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  • Author or Editor: Daniel C. Bowman x
  • Journal of the American Society for Horticultural Science x
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The absorption and assimilation of 15N-labeled urea, (NH4)2 S O4, and KNO applied to the foliage of perennial ryegrass (Lolium perenne L.) turf were examined under a controlled environment. Each source of N was dissolved in deionized water to a final concentration of 25 g N/liter and spray-applied at a rate of 5 g N/m2. Absorption of the fertilizer-N over 48 hours, as measured by 15N analysis of tissue digests, amounted to 35%, 39%, and 40% for the urea, (NH4)2 S O4, and KNO3, respectively. Absorption was also estimated by a washing procedure that measured the urea remaining on the foliage and by the increase in total N in the ryegrass tissue. There were no significant differences between the three methods for absorption of (NH4) 2SO4 and KNO3. The washing method, however, significantly overestimated absorption of urea. Partitioning of the absorbed N between tissues was similar at 48 hours for all three N sources, averaging 32% in new leaves, 52% in old leaves and shoot tissue, and 16% in the roots. Most of the absorbed urea- and NH4 -N was assimilated by 48 hours, whereas only half of the NO3 -N was reduced during that period.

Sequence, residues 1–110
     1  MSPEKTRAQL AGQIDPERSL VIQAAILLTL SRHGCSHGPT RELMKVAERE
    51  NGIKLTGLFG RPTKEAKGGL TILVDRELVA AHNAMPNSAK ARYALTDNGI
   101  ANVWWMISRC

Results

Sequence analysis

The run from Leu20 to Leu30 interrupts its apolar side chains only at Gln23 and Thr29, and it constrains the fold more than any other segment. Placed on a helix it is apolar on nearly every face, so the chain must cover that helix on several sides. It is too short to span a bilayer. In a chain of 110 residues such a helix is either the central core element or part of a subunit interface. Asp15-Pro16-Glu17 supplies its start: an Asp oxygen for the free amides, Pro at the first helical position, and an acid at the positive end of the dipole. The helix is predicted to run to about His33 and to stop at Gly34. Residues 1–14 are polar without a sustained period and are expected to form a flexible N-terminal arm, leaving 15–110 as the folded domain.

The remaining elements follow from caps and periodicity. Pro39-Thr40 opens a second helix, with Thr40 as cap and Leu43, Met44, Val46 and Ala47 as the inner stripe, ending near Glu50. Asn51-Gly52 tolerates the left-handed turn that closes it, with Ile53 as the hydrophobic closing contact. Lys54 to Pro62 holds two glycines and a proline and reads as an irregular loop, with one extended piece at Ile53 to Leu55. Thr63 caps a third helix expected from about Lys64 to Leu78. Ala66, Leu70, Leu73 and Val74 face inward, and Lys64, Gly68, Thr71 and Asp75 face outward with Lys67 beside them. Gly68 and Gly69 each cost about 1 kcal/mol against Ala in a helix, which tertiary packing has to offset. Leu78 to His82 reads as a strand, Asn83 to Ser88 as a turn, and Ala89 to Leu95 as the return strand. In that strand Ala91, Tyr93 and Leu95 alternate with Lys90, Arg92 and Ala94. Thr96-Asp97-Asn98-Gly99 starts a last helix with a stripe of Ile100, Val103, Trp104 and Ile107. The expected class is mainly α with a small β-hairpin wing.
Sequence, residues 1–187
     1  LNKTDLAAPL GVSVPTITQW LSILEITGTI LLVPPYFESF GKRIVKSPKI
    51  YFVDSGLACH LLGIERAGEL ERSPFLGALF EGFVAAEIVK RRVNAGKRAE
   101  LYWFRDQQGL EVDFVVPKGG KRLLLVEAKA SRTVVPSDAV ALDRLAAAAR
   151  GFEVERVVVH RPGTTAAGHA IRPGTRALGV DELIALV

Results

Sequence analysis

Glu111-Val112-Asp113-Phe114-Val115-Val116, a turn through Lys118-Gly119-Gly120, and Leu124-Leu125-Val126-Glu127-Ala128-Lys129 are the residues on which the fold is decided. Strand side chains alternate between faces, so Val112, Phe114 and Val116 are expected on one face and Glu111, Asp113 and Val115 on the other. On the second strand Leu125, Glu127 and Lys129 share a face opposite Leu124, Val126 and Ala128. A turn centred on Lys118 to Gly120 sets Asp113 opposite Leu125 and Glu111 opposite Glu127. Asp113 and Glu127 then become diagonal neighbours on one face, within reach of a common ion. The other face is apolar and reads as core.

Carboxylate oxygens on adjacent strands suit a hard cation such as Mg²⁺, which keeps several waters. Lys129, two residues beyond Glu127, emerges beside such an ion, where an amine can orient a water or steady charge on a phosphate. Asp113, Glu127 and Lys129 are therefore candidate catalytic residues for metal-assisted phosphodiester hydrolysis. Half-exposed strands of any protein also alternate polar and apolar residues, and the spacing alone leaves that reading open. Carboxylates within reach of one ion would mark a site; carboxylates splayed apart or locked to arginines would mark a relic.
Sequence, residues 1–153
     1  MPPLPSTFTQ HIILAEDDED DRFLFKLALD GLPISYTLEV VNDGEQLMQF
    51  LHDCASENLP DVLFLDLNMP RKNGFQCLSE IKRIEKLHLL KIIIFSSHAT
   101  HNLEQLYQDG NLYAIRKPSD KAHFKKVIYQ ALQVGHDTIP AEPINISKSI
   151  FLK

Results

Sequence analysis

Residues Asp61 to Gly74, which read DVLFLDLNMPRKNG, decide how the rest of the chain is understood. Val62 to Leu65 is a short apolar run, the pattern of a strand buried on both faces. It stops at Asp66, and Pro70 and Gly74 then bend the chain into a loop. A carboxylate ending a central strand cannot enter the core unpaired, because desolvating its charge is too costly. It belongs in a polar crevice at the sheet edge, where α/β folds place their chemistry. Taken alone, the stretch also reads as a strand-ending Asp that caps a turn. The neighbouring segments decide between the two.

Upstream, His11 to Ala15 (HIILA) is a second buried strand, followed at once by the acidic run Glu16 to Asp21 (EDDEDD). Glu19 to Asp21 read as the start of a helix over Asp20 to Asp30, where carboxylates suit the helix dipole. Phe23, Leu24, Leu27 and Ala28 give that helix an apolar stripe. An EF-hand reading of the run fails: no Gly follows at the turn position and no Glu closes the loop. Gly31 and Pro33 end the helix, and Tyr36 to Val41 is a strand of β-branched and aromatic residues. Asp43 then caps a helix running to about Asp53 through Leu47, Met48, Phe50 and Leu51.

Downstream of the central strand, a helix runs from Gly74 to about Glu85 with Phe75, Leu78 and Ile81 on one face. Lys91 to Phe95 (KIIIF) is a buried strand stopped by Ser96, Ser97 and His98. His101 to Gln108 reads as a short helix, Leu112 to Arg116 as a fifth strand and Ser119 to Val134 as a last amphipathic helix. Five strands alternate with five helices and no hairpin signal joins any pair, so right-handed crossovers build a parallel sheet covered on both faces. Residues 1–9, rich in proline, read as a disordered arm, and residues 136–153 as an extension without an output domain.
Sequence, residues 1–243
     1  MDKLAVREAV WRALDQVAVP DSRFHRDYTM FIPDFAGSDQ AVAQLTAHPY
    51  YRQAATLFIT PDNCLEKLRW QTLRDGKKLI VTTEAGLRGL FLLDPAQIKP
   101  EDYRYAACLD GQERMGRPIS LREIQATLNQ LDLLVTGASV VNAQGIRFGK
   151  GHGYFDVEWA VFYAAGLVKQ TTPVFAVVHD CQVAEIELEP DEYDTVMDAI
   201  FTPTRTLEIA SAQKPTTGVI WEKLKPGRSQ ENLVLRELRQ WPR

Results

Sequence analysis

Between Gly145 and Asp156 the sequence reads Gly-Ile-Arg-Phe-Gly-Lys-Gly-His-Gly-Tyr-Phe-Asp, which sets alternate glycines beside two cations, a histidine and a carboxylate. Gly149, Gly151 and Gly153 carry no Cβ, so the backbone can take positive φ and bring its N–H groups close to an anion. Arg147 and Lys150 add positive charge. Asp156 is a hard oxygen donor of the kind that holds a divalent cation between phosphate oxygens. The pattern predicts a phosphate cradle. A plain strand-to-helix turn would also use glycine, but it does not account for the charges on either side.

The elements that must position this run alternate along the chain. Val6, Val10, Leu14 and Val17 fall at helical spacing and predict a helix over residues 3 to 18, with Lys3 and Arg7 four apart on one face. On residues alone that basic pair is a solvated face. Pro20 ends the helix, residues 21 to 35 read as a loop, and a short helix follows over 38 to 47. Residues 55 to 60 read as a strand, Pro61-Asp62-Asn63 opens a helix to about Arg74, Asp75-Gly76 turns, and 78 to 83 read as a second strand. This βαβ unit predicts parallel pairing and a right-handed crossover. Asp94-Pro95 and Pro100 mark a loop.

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sand-based rootzones are specified for golf course putting greens because they resist compaction and maintain drainage, even under heavy traffic. Although sands provide favorable physical properties, nutrient retention is generally poor and soluble nutrients like nitrogen (N) are prone to leaching. Laboratory experiments were conducted to evaluate several inorganic soil amendments (clinoptilolite zeolite (CZ), diatomaceous earth, and two porous ceramics), which varied in cation exchange capacity (CEC), and sphagnum peat for their ability to limit N leaching. Columns (35 cm tall × 7.6 cm diameter) were filled with 30 cm of sand-amendment mixtures (8:2 v/v) and NH4NO3 was applied in solution at a N rate of 50 kg·ha-1. Leaching was initiated immediately using 2.5 pore volumes of distilled water in a continuous pulse. Leachate was collected in 0.1 pore volume aliquots and analyzed for NH4 +-N and NO3 --N. All amendments significantly decreased NH4 + leaching from 27% to 88% which was directly proportional to the CEC of the amendments. By contrast, NO3 - losses were consistently high, and no amendment effectively decreased loss compared to nonamended sand. Two amendments with the highest CECs, CZ and a porous ceramic, were selected to further study the effects of amendment incorporation rate, depth, and incubation time on N leaching. Ammonium but not NO3 - leaching was decreased with increasing amendment rate of both products. At 10% amendment (v/v) addition, only 17% to 33% of applied NH4 + leached from the amended sands. Depth of amendment incorporation significantly affected NH4 + leaching, with uniform distribution through the entire 30 cm tall column being more effective than placement within the upper 2.5 or 15 cm. Allowing the NH4NO3 to incubate for 12 or 24 hours following application generally did not affect the amount leached. These results suggest NH4 +-N leaching is inversely related to CEC of the root-zone mixture and that uniform distribution of these CEC enhancing amendments in the root-zone mixtures reduced N leaching to a greater extent than nonuniform distribution.